Many documentation must be used on the flight deck and under a variety of operating conditions, they're the most important written communications in aviation, yet pilots have complained about the excessive documentation required in their job, and this mass of paper information is a big problem for the flight crew and for the flight operations and documentation departments. It is hard to keep all the data current and ensure that users of the data have the latest revision. Documentation management is aimed for better design and presentation of these documents on flight, to reduce workload and increase efficiency.
Company written communications and operational documentation
A basic requirement for any flight operations management is to be able to communicate effectively with its pilots. Flight manuals, equipment manuals, checklists, and operational bulletins are all important communication media. They should be useful documents that reflect the character and operating philosophy of the airline and reflect the airline's operational procedures and its training. (Orlady, 19991)
Manuals and flight operations bulletins
Manuals furnish a reasonably permanent guide to the way that flight operations departments want their flight operations conducted and the ways they want specific equipment operated. Flight operations bulletins, on the other hand, are used for a specific purpose or condition. However it has the same readability requirements of manuals, both of them should be carefully written with high standards of technical writing and with appropriate illustrations. (Orlady, 19991)
A sample page of flight manual
(Picture embedded from Flight Sim on 23 September 2009)
To see an example of the flight operations bulletin, please click here Air Canada Flight Operations Bulletin
Flight planners who perform all the necessary data gathering and analyses necessary to complete a flight plan, and then give to the pilots during a flight briefing before the pilot begins the aircraft preflight check. They generally include basic information such as departure and arrival points, estimated time on route, alternate airports in case of bad weather, type of flight, pilot's name and number of people on board. (NASA, 20092)
Most airline flight plans, especially for larger commercial airlines, are generated by computers, the computer looks at the planned time to destination and compares the alternatives available given the performance of the airplane and the projected payload. These computed flight plans were prepared by dispatchers, but require signatures of the captain and the appropriate dispatcher to indicate their approval of the computer plan. (Orlady, 19991)
Standard FAA Flight Plan
(Picture embedded from Wikipedia on 23 September 2009)
Checklists are considered to be the foundation for the standardization of operating procedures and a key to increased operational safety. They are used for two different purposes. One is to set up or configure a system or even the whole airplane so that it is ready for operation, or a part of the operation such as take off or landing. The second purpose is to ensure that an engine or a system's normal or non-normal operations will be handled properly and to verify that these procedures have been performed correctly. (Orlady, 19991)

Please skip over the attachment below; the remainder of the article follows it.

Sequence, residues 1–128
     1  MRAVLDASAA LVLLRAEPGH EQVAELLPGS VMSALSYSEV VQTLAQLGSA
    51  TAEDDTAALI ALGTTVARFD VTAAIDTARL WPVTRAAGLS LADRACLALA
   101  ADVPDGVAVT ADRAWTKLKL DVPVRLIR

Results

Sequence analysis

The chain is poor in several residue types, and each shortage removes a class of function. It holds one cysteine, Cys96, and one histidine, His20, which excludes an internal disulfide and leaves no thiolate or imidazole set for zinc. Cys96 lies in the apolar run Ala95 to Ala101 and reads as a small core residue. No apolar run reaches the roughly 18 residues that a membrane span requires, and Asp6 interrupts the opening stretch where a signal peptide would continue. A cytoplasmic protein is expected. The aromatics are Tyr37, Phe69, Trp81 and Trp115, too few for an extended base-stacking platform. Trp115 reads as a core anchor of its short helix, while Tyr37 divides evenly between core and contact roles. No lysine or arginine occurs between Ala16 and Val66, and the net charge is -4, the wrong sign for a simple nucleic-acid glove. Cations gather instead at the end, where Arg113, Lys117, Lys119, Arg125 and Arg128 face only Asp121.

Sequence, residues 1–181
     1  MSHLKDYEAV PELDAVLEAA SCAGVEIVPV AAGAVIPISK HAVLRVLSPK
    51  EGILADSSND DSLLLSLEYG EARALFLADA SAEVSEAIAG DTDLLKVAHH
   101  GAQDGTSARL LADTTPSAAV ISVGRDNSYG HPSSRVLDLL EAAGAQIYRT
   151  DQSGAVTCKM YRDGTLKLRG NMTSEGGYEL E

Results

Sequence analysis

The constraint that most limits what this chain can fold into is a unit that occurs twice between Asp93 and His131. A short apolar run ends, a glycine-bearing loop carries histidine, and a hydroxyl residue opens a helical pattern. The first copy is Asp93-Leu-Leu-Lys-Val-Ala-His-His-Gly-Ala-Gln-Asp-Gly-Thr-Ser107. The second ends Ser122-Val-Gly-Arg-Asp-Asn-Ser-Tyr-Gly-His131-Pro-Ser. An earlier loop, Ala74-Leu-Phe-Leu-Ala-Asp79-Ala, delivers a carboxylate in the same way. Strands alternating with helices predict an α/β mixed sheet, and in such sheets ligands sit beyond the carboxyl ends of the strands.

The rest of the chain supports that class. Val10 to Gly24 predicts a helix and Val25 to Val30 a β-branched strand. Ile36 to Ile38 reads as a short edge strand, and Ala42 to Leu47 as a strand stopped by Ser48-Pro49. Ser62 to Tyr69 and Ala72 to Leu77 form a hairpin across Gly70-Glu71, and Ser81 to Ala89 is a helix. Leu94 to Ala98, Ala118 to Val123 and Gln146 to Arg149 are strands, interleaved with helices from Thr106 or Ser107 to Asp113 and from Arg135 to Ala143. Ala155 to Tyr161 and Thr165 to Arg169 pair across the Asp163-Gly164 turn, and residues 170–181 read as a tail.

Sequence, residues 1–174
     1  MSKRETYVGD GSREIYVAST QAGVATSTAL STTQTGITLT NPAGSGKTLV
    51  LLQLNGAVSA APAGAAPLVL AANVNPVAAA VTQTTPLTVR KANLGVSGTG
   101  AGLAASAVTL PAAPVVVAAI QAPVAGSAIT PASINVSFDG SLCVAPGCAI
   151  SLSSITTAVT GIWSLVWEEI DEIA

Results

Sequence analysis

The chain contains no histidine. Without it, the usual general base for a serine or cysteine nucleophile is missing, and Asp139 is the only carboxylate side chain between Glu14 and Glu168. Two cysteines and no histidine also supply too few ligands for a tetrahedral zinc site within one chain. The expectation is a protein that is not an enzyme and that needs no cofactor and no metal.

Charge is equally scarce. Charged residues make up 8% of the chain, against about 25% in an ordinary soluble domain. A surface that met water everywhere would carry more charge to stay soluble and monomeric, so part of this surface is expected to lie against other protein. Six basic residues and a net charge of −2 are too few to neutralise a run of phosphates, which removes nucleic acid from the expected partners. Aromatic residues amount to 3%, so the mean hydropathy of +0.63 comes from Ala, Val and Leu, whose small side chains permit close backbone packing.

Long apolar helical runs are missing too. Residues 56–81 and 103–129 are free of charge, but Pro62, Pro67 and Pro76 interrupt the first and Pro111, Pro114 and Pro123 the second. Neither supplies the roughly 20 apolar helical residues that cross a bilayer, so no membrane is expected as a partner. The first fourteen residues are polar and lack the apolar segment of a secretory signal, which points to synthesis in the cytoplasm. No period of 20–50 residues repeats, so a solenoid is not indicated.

Display of checklists
Paper checklists are held in the hand or clipped to the cockpit yokes.
(Video embedded from YouTube on 23 September 2009)
Electronic checklist are shown on a CRT or flat panel in front of the pilots. They usually indicate that a given item has been competed and display the next item to be acted upon.(Orlady, 19991)
(Picture embedded from Feel There on 23 September 2009)
Maps, Charts, and Approach Plates
The maps, charts, and apporach plates used in aviation are highly specialised documents that are required to provide a large load of information in an limited space.
Maps are used primarily by pilots using visual flight rules, by helicopter pilots and other pilots flying relatively low level flights and using geographical entities for navigation. Maps used in aviation are the regional and sectional maps published by FAA. (Orlady, 19991)
(Picture embedded from Squidoo on 23 September 2009)
Aviation charts are unique, they are desinged for pilots to be able to determine their position, altitude, best route to a destination, and navigation aids along the way, and other useful information such as radio frequencies and airspace boundaries. (Wikipedia, 20093)
(Picture embedded from Wikipedia on 23 September 2009)
Apporach plates involve the most critical phase of flight. They are used routinely and contains a great deal of data that are frequently changing, therefore, they're published with expire dates and updated on a frequent basis. All approach plates have six general classes of information:
- name, location, identification and frequency of the appropriate radio facility or facilities, a graphic depiction of minimum safe altitudes by sector;
- radio frequency for the facility and the voice frequencies of approach control, tower, and ground control;
- a plan view of the immediate area which includes the airport and the obstructions in the area;
- a profile view of the instrument approach and the missed approach;
- the specific approach diagram;
- the last class of information is on the back of the approach plate and is a diagram of the airport giving airport elevations, runway numbers and dimensions, taxiway identifications, airport area obstructions, and other relevant airport detail.
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